To answer that question it is first important to point out that Google’s whole ethos (at the start) was to provide the best possible search results without commercial bias.
This is why search experts are worried that this change in policy (albeit only for product searches) heralds the dawning of a new commercialized Google.
Is this a slippery slope to paid everything search? If so, where does it end and what will its effect be on you and me?
Google’s paid product search results
Before we all panic about what will happen to the painstaking SEO and social marketing efforts we’ve invested in our blogs, sites and content, let’s quickly look at what the changes entail:
- Free product placements in Google search results are out
- Merchants will have to bid to display their products
- Paid product placement ad space will be bid upon by merchants vying for position
- Premium adwords space will be reduced to make way for a sponsored product images box at the top of the page
That’s the gist of the changes – not too bad. Google has come up with the usual corporate spin you would expect – i.e. having a paid relationship encourages merchants to offer better product content, etc.
Should Google be allowed to commercialize search?
Europe’s antitrust chief has a problem with Google, which holds sway over about 90% of all search traffic in Europe.
The issue raised by many is not that it is unfair for Google to have a monopoly on search traffic, but that it should not be allowed to leverage this monopoly to the detriment of other businesses.
If Google decides to use its position as a search provider to extract “tithes” from businesses wishing to sell products, is that fair on smaller businesses who may offer high quality products but don’t have the budget to compete with larger corporations online?
Up until now, the Internet was a great leveler. Small companies could gain wide exposure online for providing high quality content, services and products. Now they can be outbid by a conglomerate in a different country.
The effect of Google’s paid search on SEO and social media marketing
The introduction of Google’s paid search might seem like a minor change that everyone is blowing out of proportion, but consider the following points:
- SEO and Internet marketing, by definition, are commercial enterprises designed to drive business and revenue
- Paid search obviates the need for quality content in lieu of an advertising budget and high converting landing pages
- Google may decide to extend paid product changes to paid service changes
- Where do we draw the line between what is a product and what isn’t?
Let’s quickly explore the ramifications of these points in more detail…
SEO and Internet marketing “is” paid product placement on Google search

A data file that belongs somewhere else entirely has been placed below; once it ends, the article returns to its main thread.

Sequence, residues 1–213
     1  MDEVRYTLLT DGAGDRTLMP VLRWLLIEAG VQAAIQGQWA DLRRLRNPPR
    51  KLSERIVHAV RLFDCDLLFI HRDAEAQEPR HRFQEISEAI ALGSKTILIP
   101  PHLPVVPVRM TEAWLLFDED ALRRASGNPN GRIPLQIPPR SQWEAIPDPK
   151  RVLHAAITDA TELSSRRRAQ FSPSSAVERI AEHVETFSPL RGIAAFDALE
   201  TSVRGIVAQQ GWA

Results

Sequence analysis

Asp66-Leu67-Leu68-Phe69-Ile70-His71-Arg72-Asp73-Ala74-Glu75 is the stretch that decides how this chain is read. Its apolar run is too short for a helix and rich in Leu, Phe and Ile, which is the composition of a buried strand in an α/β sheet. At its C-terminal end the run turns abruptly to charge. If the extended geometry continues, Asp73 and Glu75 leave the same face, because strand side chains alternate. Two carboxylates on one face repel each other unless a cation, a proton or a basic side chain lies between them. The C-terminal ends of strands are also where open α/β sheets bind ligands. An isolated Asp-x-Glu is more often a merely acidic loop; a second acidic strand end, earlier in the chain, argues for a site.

The only reason we use SEO and Internet marketing (and to a large extent social media marketing) is to drive traffic so that we can convert it in one way or another to make money.
Who’s to say what qualifies as a product in Google’s paid search?
The line between product and service on the Internet is quite blurry. Is a downloadable software tool with a monthly subscription payment a product or a service?
Now that Google has made the leap into commercially biased search results, what’s next? Products and services are already more or less the same as far as Internet marketing and online retail go.
Google paid search allows sellers to bypass affiliate marketing
Let’s say your business relies on creating high quality content, and derives revenue from affiliate links that sell related products and services (which many businesses do). How will it affect you that the retailer can circumvent your content and pay commission directly to Google to appear at the top of search results without needing high quality affiliate content?
Affiliate marketing is a huge industry that may be seriously damaged by this change.
How big will the effect be on non-paid content that sells products and services?
I think the effect is going to be huge. Already, search results that are towards the bottom of page 1 get only a fraction of the traffic that search results at the top of page 1 get.
This effect will only be enhanced by having a row of images splashed across the top of the screen. Why would anyone looking for a telescope search deeper through content results when Google’s shopping comparison results are displayed right in front of their eyes?
What do you think they effect of the changes will be on SEO and Internet marketing? Have you already been affected by this? Are you already bidding on paid search product placements? Share your thoughts and experiences in the comments below or join the conversation on LinkedIn and Twitter.